According to the latest statistics from the US Department of Labor, new applications for unemployment benefits are once again on a downward trend, signaling economic recovery from the COVID-19 pandemic. While the pandemic is by no means over, if absolutely nothing else, we have at least somewhat reached a point where we can get on with daily business safely, and the job market is reflecting that.
In the week ending in July 10, new claims dropped to approximately 360,000 for the whole country, an approximately 26,000 drop from the week prior. These numbers are in line with unemployment predictions previously made by Wall Street Journal analysts. However, while initial claims are decreasing from their absolute peak in March and April of 2020, they are still notably higher than they were at pre-pandemic levels, which ran around 200,000.
“Initial claims are gradually falling as layoffs slow, but they remain well above their pre-pandemic level,” said chief economist Gus Faucher of PNC Financial Services. “And there are almost 14 million people receiving some form of unemployment insurance benefit, up from around 2 million before the pandemic.”
BREAKING: The number of Americans applying for unemployment benefits has reached its lowest level since the pandemic struck last year, as jobless claims fell by 26,000 last week to 360,000. The U.S. economy and job market are quickly rebounding. https://t.co/3J2D4RczG5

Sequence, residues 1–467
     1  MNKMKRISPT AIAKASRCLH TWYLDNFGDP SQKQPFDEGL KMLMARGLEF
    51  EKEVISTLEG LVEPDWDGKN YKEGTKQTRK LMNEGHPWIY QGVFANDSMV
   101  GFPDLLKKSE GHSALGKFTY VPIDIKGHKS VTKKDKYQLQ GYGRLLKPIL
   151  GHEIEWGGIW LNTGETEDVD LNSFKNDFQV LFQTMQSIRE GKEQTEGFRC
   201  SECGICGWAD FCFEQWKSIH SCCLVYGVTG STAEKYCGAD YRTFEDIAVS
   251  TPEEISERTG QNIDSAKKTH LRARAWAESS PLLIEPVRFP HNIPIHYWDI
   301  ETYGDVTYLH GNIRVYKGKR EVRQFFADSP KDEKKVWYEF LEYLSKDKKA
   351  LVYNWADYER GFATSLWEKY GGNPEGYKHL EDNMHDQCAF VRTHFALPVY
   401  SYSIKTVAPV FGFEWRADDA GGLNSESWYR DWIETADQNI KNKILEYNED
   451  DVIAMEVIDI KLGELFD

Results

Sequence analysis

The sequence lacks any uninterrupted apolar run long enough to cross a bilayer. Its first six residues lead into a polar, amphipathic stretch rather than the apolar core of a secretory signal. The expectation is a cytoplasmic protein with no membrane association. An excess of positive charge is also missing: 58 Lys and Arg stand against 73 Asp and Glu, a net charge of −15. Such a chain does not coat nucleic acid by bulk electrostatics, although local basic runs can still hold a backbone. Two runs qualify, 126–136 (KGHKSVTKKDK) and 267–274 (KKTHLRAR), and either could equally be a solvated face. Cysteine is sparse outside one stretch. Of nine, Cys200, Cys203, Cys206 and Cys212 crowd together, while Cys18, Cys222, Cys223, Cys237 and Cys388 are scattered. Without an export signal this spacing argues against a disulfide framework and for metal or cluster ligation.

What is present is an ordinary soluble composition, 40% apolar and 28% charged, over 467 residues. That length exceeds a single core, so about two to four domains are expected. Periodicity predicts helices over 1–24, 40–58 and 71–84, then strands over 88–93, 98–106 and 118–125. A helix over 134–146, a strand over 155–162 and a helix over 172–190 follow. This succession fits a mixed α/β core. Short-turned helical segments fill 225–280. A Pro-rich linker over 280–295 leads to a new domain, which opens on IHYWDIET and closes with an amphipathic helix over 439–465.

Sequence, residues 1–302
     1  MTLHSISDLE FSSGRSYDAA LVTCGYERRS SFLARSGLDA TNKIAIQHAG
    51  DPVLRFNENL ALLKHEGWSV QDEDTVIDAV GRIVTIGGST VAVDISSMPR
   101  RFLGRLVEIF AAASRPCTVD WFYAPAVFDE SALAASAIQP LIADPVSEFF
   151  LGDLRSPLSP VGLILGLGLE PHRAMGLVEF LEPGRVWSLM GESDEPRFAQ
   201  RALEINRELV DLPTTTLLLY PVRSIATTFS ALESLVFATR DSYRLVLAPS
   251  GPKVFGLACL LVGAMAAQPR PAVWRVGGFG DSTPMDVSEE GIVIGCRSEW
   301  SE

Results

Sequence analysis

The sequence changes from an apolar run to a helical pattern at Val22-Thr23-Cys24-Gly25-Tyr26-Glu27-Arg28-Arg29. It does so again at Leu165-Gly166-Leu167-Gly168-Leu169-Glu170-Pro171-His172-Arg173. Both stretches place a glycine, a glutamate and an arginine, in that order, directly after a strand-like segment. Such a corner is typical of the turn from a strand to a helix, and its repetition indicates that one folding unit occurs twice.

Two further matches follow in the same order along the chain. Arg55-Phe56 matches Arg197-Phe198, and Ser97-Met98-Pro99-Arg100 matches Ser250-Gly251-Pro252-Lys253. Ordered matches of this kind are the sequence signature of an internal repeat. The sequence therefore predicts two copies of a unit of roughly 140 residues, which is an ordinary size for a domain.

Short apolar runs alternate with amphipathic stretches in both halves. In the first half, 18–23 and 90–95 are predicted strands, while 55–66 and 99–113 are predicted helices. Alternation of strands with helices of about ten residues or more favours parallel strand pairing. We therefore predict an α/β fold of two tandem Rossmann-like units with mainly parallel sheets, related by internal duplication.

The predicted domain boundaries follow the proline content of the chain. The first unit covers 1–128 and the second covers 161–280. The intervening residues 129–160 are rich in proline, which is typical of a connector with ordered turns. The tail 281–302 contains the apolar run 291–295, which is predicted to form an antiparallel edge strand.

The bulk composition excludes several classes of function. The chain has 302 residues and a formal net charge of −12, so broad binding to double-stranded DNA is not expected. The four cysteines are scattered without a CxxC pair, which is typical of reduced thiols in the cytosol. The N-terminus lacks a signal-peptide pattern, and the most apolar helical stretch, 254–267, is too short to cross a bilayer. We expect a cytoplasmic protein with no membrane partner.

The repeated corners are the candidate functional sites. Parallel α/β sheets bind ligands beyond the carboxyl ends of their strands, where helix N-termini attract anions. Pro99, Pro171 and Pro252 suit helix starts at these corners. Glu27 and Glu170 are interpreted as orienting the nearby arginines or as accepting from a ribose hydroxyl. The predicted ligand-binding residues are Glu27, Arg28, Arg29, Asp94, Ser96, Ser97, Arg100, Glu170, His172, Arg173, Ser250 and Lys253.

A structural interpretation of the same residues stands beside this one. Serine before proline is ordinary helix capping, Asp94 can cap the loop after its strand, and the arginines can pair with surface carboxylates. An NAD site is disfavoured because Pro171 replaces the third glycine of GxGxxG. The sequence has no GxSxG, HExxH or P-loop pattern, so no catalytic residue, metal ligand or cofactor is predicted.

— The Associated Press (@AP) July 15, 2021
Numerous people were either laid off or forced to quit their jobs at the height of the pandemic, and many business owners are having difficulty filling the surplus of vacant positions. Many people are still choosing to remain home out of continued fear for their safety against the coronavirus, while others have discovered newfound passions for their families, especially with some children still learning remotely. Some polls suggest that approximately 1.8 million Americans are not working because boosted unemployment benefits are providing them a better living wage than the jobs they previously held, which is why both businesses and lawmakers have been trying to end the boosted benefits early and encourage people to return to work (as opposed to, say, increasing minimum wage).